There are three core tenets to the new Respublica report. We’ve read it cover to cover. You should too. Broadly speaking, they are:
They’re at odds with the LEP’s prediction of 73,000 new jobs by 2030. More like 41,000 they say. Only by getting HS2 will we see those kind of numbers. We can’t see anything wrong with their projections (but they are only, at best, an educated finger in air) – but we’d love it if the report started the debate with another fundamental question – whether bigger, faster, taller – this obsession with more at any cost – is the only route out of here. It took us 90 years of decline to get where we are. So let’s not kid ourselves that a quick fix, or a fast train, is the only way to reverse it.
Because, let’s not deny it – there is another connectivity in play here; one with a far more subtle, but devastating cause and effect: a sub prime mortgage sold, greedily and immorally in South Carolina eight years ago, has closed down half the museums in Lancashire, has slashed day care centres in Liverpool, has resulted in Liverpool being screwed over by Government budget cuts. The connectivity of capitalism.
Our financial model is broken in every conceivable way. The market really doesn’t have our best interests at heart. And we seem to still want in? Still want more. Why does a city need to be bigger, anyway? Why can’t we, at the very least, talk about this? You think the people of Durham have a worse quality of life than the people of Birmingham?
The big question is – what does Liverpool want to be when it grows up? Another Manchester? Forget it. Never (thankfully) gonna happen.
There are many valid points in Respublica report. Wedded to the (awfully named) Northern Powerhouse, it’s of the opinion that Liverpool should be the start of HS3 – the east west line that runs from here to Hull. I get that. That’s more important, I think, than a fast route to London and outta here. A silk road across the Pennines makes total sense, culturally as much as economically.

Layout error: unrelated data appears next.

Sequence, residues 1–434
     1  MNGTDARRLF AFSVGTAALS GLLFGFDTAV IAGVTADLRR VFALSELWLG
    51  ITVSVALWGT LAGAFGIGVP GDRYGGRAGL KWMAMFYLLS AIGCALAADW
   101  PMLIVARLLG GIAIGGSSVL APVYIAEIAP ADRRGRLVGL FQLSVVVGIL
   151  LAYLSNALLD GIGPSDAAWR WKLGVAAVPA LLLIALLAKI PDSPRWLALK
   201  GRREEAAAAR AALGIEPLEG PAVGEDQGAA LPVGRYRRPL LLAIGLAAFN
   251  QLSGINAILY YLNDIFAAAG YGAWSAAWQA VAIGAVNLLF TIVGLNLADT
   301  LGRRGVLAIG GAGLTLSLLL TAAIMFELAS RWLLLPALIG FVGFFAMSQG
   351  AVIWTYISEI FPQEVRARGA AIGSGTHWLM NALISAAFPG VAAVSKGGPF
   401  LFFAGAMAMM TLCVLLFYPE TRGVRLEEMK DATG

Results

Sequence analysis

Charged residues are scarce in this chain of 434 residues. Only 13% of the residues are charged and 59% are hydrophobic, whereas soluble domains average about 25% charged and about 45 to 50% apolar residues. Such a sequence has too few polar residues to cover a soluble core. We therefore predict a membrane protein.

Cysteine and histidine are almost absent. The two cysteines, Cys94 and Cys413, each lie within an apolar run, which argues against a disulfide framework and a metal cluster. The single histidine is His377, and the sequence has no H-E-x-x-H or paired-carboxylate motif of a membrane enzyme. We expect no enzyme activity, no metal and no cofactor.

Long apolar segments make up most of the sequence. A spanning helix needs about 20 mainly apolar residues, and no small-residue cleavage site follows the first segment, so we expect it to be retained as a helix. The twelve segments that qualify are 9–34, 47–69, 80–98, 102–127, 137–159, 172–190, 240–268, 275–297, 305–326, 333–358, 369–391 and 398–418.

The local payback system they suggest to part fund the HS2 extension – basically, we keep the taxes on new jobs to pay for HS2 – seems to us like some sleight of hand that results in the same conundrum: this is money that would have gone to Whitehall. Whitehall is saying it can’t afford to give us HS2. So why would they give up these taxes? Well, early indications are – they don’t.
That said, locally raised taxation should, in part, be spent locally. What would I spend it on? Every penny of it on education. Training, not trains. Then, perhaps, we’d grow wiser politicians, smarter thinkers, better bloggers. Better teachers. As I’ve said before, I think the answer lies within, not on a route out. If you nurture and support a city to become a place of innovation and entrepreneurial spirit, of lovely places to live and spend time in – trust me, you’ll spend an extra 28 minutes to get there. If you decide to travel by train. And you might not – some people use things like cars.
Some of the world’s most livable, lovable cities – Portland, Vancouver, Bergen, friggin Perth – aren’t exactly on a fast line to the first city, but they seem to do awfully well. Why is that? Build it better and they will come, perhaps?
Respublica suggests a City Region Business Senate – an advisory chamber of representatives from the region’s private sector, civil and social enterprises, they say to reinvigorated local politics. Read: to inject it with the smarts it’s clearly lacking.